by Jon Berry
Life can be strange, and some of its participants are unquestionably so. People who choose to be traffic wardens are strange. Eels are strange. Listening to Captain Beefheart in the middle of tequila-induced psychosis is strange. Fishing is strange, too.
The last nine months have been weirder than usual. Summer floods, unseasonable snow and empty barbel holes featured regularly in the diary, and when March 14th arrived I was relieved. The usual signposts that line the journey from early summer to the final days of winter were absent, stolen by something mischievous and placed elsewhere. I spent much of the year wondering where I was, why I was there and what I should be fishing for. Just before Christmas it all got too much for me, and I succumbed to a zander excursion with men who carried pods and painted their deadbaits orange.
That was strange.
The season began on the Bristol Avon at Somerford. A year earlier the river had been in flood and I’d caught ten barbel and a rogue mirror carp of over thirteen pounds. Now, the usual glides were uncharacteristically empty and I found only one fish, a five-pounder which ignored my pellet paste and demanded cheese. The water was low and cold, and the wind in the north. It felt like October.
I moved to the Warwickshire Avon the following day, to a new stretch of water near Stratford rumoured to hold barbel in excess of fifteen pounds. Perhaps it does – I didn’t find them, but caught them to ten pounds and drove home with the early symptoms of sunstroke.
The summer holidays – a time in which I traditionally chase carp with dog biscuits and bread crust – was overtaken by other fish. I’m currently writing a book for the Medlar Press, following some of the old train routes used by anglers before the Beeching Report killed off this sublime method of piscatorial travel, and so spent six weeks in unlikely locations pursuing other species; blue shark off the coast of Looe, Welsh rainbow trout, Derbyshire brown trout, Thames bream and bleak, Hampshire Avon roach and the garfish that congregate every summer off the beach at Southsea, among the screaming children and discarded kiss-me-quick hats.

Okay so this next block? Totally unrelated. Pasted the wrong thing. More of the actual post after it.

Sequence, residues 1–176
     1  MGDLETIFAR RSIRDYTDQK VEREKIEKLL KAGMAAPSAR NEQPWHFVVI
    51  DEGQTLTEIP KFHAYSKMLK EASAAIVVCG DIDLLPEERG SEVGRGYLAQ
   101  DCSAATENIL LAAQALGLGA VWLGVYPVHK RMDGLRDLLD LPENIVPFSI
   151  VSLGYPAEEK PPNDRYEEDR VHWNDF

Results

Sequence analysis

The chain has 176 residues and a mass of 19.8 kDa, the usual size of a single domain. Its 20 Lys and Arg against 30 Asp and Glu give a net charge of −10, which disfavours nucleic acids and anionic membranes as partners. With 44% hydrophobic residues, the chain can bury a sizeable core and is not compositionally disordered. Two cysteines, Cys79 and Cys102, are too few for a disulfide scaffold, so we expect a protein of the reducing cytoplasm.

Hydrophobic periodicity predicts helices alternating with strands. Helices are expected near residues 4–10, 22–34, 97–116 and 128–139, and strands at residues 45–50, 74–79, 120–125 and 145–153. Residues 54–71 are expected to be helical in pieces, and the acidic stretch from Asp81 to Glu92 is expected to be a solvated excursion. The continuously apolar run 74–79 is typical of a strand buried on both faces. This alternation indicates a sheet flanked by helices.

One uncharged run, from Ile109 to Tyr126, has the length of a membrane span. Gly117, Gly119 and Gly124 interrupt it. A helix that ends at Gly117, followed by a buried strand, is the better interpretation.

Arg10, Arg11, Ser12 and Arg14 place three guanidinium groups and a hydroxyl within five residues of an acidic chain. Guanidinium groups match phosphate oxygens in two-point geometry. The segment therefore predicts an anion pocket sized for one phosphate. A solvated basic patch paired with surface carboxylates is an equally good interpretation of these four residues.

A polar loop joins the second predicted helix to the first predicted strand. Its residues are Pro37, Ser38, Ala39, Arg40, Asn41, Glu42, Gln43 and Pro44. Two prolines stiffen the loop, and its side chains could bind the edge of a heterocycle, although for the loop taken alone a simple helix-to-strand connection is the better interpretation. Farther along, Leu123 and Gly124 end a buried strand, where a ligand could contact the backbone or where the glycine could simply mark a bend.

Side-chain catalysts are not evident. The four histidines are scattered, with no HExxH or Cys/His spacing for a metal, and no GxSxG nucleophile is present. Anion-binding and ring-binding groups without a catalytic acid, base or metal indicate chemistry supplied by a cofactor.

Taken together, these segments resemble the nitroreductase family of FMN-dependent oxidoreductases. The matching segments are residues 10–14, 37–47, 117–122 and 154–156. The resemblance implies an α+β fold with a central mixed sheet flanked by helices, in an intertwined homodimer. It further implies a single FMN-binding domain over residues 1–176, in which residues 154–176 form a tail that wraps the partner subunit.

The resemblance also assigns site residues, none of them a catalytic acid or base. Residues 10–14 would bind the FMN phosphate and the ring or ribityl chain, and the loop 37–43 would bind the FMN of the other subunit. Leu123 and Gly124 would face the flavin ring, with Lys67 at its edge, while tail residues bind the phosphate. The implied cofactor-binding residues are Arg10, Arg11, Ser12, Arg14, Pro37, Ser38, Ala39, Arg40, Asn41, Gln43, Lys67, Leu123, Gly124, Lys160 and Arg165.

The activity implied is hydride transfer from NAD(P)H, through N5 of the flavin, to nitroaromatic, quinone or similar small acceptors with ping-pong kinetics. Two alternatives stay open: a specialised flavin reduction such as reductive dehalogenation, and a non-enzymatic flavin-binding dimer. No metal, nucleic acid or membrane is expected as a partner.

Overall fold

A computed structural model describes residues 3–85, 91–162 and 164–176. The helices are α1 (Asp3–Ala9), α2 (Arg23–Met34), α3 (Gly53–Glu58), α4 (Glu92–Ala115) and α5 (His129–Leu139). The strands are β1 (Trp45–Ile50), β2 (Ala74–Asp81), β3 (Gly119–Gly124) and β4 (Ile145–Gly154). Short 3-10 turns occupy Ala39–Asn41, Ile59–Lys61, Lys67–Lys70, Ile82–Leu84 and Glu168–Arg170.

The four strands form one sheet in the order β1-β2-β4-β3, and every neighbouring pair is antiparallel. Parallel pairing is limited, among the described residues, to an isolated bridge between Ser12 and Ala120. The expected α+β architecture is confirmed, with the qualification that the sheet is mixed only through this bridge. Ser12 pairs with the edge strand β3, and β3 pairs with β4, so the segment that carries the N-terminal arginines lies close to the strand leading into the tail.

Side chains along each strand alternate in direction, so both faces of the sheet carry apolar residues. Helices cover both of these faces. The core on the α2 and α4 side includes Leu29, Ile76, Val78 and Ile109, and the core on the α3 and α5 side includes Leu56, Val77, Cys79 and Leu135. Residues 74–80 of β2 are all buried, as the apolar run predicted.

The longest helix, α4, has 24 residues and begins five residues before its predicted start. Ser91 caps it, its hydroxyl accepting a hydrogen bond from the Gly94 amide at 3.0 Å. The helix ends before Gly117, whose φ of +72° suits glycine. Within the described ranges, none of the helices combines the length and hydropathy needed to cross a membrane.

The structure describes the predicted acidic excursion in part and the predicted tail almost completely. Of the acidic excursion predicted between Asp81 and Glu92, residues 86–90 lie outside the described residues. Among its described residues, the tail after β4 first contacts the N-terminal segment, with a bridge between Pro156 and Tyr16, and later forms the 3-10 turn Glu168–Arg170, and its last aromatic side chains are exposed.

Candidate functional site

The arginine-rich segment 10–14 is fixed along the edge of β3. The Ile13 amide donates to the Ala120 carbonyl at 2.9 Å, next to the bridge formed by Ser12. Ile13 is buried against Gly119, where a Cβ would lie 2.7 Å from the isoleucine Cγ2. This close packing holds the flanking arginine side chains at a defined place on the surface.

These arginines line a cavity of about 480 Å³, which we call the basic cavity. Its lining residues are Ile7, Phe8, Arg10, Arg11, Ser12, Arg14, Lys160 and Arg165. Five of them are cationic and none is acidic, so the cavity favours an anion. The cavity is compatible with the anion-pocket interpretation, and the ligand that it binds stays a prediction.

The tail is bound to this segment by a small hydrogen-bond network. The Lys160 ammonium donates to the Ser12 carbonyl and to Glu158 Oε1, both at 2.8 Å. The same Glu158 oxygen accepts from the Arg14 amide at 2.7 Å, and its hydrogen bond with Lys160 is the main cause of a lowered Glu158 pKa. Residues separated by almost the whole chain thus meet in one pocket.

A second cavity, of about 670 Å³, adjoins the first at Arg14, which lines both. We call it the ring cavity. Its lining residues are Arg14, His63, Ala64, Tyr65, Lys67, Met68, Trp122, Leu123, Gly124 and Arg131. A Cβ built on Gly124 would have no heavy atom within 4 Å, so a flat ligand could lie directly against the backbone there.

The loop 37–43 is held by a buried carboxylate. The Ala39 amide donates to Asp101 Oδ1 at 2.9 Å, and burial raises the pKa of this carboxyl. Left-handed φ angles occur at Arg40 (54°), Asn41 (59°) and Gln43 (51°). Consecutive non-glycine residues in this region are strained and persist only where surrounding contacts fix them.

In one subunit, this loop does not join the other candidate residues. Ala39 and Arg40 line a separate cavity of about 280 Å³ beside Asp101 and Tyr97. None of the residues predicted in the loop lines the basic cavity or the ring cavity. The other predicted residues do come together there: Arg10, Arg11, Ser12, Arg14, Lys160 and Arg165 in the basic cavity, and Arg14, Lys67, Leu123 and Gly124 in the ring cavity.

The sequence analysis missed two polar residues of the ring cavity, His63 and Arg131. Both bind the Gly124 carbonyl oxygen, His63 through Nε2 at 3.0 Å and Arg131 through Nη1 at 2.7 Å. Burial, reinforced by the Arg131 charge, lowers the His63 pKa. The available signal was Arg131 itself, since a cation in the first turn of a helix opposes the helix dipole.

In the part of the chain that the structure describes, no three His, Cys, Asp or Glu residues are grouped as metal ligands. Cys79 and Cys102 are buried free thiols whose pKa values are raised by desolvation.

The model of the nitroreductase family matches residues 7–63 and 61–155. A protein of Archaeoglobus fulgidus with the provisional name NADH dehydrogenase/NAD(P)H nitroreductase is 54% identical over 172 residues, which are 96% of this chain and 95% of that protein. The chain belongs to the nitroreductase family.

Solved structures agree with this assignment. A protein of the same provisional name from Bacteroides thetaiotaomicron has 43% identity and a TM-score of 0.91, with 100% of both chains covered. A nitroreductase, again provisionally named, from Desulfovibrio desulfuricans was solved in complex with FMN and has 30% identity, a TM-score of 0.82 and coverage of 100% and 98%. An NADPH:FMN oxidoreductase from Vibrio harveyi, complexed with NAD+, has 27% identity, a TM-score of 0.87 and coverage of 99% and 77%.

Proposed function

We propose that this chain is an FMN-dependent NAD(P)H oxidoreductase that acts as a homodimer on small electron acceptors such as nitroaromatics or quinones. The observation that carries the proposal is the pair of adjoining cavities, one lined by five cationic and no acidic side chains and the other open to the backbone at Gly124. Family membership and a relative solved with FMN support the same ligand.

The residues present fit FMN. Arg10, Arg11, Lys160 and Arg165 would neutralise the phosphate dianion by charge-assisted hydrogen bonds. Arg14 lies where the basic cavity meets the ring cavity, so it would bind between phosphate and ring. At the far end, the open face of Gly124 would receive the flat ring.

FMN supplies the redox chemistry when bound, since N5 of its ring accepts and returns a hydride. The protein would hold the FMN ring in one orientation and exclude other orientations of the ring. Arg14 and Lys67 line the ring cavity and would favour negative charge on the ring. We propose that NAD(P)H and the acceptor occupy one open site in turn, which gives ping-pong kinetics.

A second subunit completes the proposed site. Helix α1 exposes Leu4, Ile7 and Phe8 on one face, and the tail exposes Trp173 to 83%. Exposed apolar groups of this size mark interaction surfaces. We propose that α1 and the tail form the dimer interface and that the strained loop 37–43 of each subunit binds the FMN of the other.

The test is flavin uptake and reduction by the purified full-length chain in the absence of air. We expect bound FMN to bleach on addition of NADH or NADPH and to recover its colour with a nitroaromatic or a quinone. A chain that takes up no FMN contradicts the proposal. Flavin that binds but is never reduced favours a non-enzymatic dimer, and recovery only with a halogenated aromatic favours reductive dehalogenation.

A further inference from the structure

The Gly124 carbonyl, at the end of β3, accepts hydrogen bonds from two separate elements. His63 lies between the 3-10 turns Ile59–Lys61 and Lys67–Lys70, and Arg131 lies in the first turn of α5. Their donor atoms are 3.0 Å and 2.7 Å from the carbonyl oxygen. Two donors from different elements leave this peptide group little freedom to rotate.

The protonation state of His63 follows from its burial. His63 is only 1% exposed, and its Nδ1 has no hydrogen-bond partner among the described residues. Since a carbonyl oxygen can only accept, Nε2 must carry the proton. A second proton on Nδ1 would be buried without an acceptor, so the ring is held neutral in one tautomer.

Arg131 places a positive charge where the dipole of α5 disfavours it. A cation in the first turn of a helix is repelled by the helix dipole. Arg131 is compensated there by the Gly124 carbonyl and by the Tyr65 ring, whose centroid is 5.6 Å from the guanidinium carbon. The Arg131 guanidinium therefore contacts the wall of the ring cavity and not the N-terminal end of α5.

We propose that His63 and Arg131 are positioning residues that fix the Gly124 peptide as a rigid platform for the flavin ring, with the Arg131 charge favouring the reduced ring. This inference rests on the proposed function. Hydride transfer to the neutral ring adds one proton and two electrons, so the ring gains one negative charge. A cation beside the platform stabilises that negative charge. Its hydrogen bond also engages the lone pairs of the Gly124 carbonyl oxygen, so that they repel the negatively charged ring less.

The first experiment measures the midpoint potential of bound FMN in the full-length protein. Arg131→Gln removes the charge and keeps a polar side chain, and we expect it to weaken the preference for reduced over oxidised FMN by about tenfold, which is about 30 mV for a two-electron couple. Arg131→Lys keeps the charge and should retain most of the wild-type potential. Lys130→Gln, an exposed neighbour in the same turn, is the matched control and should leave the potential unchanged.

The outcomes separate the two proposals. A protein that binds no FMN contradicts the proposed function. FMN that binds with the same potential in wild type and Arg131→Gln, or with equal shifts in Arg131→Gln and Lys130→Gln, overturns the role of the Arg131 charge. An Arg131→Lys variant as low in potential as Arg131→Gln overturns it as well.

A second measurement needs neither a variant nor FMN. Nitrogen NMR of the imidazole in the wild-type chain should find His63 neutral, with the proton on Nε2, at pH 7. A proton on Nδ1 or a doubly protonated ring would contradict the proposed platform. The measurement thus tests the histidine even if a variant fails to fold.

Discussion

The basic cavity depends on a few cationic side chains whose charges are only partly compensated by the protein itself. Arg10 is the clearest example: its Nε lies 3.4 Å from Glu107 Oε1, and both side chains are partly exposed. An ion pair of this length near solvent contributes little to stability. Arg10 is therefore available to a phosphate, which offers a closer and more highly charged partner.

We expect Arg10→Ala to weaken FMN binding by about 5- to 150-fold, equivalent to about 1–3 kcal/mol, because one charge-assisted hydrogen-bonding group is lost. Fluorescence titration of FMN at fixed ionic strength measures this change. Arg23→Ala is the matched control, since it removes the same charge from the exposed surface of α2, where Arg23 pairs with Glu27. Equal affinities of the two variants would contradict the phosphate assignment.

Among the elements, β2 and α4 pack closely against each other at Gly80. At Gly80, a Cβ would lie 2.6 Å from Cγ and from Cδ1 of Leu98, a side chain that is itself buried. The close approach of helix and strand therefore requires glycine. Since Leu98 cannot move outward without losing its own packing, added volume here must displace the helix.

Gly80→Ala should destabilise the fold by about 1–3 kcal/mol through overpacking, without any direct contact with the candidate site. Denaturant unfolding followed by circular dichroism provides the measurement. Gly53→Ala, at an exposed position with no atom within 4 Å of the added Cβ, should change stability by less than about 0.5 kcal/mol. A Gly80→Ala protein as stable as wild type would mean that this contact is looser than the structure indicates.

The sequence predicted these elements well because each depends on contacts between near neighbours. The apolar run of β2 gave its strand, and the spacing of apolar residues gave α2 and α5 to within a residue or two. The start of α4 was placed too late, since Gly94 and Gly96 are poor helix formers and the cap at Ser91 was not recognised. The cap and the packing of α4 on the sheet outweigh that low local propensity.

The man in the tackle shop at the end of South Parde Pier was having a strange year too. ‘Ain’t got much gear in, too much rain. Season’s fucked mush’.
I spent that night watching Polish immigrants catch bass on livebaits to sell to the sea front hotels, and drank too much of their beer. When I got home a few days later, I discovered that my marriage had finally, thankfully imploded and I would need to sell my best cane rods to pay for a solicitor.
Strange days, indeed.
Autumn brought a few barbel and chub, but the pike on the river were largely uncatchable in the rain-coloured water. I took two anglers, a father and son who had never caught a fish over eight pounds, on a guided day on the Bristol Avon; I don’t usually do that sort of thing, but this was a favour for a friend who had double-booked. They wanted to see a pike, but the river was thick and there was little hope. I took them to a quiet beat where I knew a few gullible jacks predated on the stocked trout, and by mid-morning both had caught nineteen-pounders. Both fish were bigger than anything I’d caught all year. My guiding career ended abruptly, if triumphantly.